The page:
The Answer is LOVE

Buzz, Love

In my nine years as a healer and seven years as a life coach, I’ve learned something simple yet profound:  the answer is Love.  I even have a bumper sticker on my car that proclaims this truth.

All of the problems I’ve personally encountered have been due to me or someone I love feeling unloved or unlovable in some way.  When I’ve restored the feeling of being loved, the problem disappears.  The same is true of all my clients, past and present, for all of their problems.  It’s true whether the problem is related to work, health, family, sex, or romance.

I realize this is a pretty bold statement.  All of our problems can be solved by opening to love.  Specifically, we solve them by opening to love for ourselves.  How does this work?  And what if you already think you love yourself?  The good news is that you probably do already love yourself.  And there’s always room for more love.

Some signs that you could benefit from allowing yourself to receive more love include:

1.      You judge other people’s behaviors

2.      You blame others when something goes wrong in your life

3.      You are the “go-to” person whenever anyone needs help

4.      You rarely, if ever, ask for help for yourself

5.      You are your own worst critic

The list could go on and on, but you get the idea.  If you ever find yourself playing Judge, Martyr or Victim, those are roles played by people who could stand a little more self-love in their life.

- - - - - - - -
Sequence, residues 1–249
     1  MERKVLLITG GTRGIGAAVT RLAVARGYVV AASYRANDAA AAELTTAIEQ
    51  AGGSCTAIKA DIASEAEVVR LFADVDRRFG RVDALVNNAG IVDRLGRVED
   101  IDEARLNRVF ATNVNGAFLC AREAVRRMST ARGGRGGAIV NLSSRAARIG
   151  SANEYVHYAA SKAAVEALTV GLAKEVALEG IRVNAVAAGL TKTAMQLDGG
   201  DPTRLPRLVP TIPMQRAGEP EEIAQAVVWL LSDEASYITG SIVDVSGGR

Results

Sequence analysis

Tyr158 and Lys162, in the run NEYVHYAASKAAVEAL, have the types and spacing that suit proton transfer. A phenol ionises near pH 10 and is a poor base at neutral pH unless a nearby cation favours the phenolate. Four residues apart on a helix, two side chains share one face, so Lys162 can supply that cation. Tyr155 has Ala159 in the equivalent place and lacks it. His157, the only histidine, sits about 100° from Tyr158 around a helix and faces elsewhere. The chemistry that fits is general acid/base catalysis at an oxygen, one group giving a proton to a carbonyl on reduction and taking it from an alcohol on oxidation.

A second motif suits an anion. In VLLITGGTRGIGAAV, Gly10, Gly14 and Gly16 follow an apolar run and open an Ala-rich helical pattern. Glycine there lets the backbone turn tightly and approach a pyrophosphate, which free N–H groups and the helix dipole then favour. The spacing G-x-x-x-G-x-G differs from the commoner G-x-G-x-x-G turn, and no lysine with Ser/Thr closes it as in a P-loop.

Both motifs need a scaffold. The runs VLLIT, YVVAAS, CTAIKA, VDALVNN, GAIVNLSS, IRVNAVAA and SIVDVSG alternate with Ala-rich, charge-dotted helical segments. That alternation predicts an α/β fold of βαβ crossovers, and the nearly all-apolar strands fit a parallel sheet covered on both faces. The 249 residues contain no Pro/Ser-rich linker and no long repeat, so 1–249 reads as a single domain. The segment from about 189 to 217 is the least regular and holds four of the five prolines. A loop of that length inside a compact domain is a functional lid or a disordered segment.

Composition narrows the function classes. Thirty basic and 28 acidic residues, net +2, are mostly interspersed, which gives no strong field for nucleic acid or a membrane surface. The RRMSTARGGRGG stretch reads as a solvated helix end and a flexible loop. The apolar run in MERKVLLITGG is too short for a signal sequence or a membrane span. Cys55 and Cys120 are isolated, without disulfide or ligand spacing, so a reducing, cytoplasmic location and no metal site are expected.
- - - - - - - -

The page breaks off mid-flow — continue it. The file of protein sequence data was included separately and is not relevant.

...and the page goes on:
Here are some very simple ways you can open to receive more love:

1.      Stand in front of a mirror, look deeply into your own eyes, and say, “I love you.  And what I love about you is this: (insert one thing you love about yourself).”  You might feel silly or uncomfortable at first, but keep at it.  I burst into tears the first time I did this exercise, and I remember it vividly even though it was over ten years ago.

2.      Start a Gratitude Journal.  At the end of every day, write down at least three things you’re grateful for.  They can be small or large things, what matters is that you are able to bring up the feeling of gratitude before you go to sleep each night.  That will help reset your central nervous system to receive more good stuff.

3.      Create a Compliment List.  Email your friends and family and tell them you’re doing a self-improvement project.  Ask them to send you one thing they love about you and one thing they’d like to see you work on.  When you get their responses, take all the positive comments and turn them into a list.  If you’re the creative type, you can make a collage.  For now, ignore the non-positive comments.  Keep the list somewhere you will see it every day.  Mine’s laminated in my handbag.

4.      Ask for help.  Pick one thing you’d like to improve about yourself and get help with improving it.  Having someone to hold you accountable will ensure your success… even if they’re holding you accountable for being more compassionate with yourself.  You can choose a friend, family member, clergy member, coach or therapist.